Podcast #132: Subarachnoid Hemorrhage

86e74b54-4f63-41cb-9119-a546d009c9a2Run Time: 7 minutes

Author: Peter Bakes M.D.

Educational Pearls:

  • Subtypes of stroke are ischemic and hemorrhagic – 87% are ischemic and 13% are hemorrhagic, and half of hemorrhagic strokes are subarachnoid hemorrhage (SAH).
  • SAH are equivalent in morbidity and mortality to ischemic strokes, but they effect younger patients overall.
  • The most common presentation and chief complaint is a sudden severe headache. Patients may also present with unilateral focal neuro deficit, altered mental status or pulseless arrest.
  • Head CT are basically 100% sensitive within first 6 hrs, afterwards an LP may be performed to looks for blood or xanthochromia. Aneurysms at risk for rupture are 7 mm and greater in size. CT angiography (CTA) is sensitive for aneurysms 3mm or larger in size, so many small aneurysms not at high risk of rupture may be detected with CTA. Many will be incidental findings.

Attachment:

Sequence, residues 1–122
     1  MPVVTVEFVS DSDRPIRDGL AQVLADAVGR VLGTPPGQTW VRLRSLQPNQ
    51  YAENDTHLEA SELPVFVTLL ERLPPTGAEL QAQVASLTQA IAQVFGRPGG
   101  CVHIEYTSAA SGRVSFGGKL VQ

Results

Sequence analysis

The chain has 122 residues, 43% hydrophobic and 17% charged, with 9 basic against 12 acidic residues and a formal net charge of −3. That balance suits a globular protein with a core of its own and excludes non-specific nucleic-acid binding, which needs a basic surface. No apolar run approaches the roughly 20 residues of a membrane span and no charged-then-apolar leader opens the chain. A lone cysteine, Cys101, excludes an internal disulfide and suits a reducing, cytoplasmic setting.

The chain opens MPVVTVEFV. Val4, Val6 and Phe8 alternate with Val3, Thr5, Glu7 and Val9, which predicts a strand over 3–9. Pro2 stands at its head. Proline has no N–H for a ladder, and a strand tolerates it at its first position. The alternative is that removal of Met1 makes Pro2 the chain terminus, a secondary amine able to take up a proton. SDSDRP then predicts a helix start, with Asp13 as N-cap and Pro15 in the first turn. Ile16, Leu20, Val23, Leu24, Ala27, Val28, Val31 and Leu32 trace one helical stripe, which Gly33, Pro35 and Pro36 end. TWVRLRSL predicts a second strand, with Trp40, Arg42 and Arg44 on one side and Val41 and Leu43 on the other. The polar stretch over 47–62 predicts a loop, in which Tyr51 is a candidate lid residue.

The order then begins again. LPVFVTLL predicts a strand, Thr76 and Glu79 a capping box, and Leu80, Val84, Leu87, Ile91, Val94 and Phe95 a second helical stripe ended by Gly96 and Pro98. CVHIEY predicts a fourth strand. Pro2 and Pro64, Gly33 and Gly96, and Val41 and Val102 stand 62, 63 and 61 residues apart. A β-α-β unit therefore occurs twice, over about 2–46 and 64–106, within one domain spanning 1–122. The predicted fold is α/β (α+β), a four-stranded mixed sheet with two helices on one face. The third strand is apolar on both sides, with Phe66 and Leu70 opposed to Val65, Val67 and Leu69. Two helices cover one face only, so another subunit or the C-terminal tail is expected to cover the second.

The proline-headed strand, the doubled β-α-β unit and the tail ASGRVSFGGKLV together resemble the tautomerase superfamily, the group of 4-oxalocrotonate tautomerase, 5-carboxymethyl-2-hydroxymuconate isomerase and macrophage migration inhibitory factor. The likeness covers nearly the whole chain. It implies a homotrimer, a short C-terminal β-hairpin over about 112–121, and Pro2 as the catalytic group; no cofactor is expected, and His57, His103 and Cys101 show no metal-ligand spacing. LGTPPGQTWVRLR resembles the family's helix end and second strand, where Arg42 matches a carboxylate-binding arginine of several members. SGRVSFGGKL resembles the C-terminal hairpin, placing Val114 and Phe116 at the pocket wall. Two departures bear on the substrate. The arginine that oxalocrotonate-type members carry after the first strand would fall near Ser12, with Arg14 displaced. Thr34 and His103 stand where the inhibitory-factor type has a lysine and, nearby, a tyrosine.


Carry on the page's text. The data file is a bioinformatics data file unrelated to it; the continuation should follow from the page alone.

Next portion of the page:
• Complications of SAH include seizures, vasospasm causing ischemia, obstructive hydrocephalus, brain herniation, and re-bleeding.
  • There is a 20% incidence of re-bleeding within the first 2 weeks, with 1-2% bleeding per day, increases risk of subsequent vasospasm.
  • SAH treatment in the ED includes blood pressure control (goal SBP < 140). Currently, short acting titratable IV vasodilators such as nicardipine are preferred. Oral nimodipine may be used as an adjunct to prevent cerebral vasospasm.
  • Patient presentation is predictive of outcome. Awake, alert patients have a good prognosis, while altered or comatose patients have a very poor prognosis.

Link to Podcast: http://medicalminute.madewithopinion.com/subarachnoid-hemorrhage/

References: http://stroke.ahajournals.org/content/43/6/1711.full

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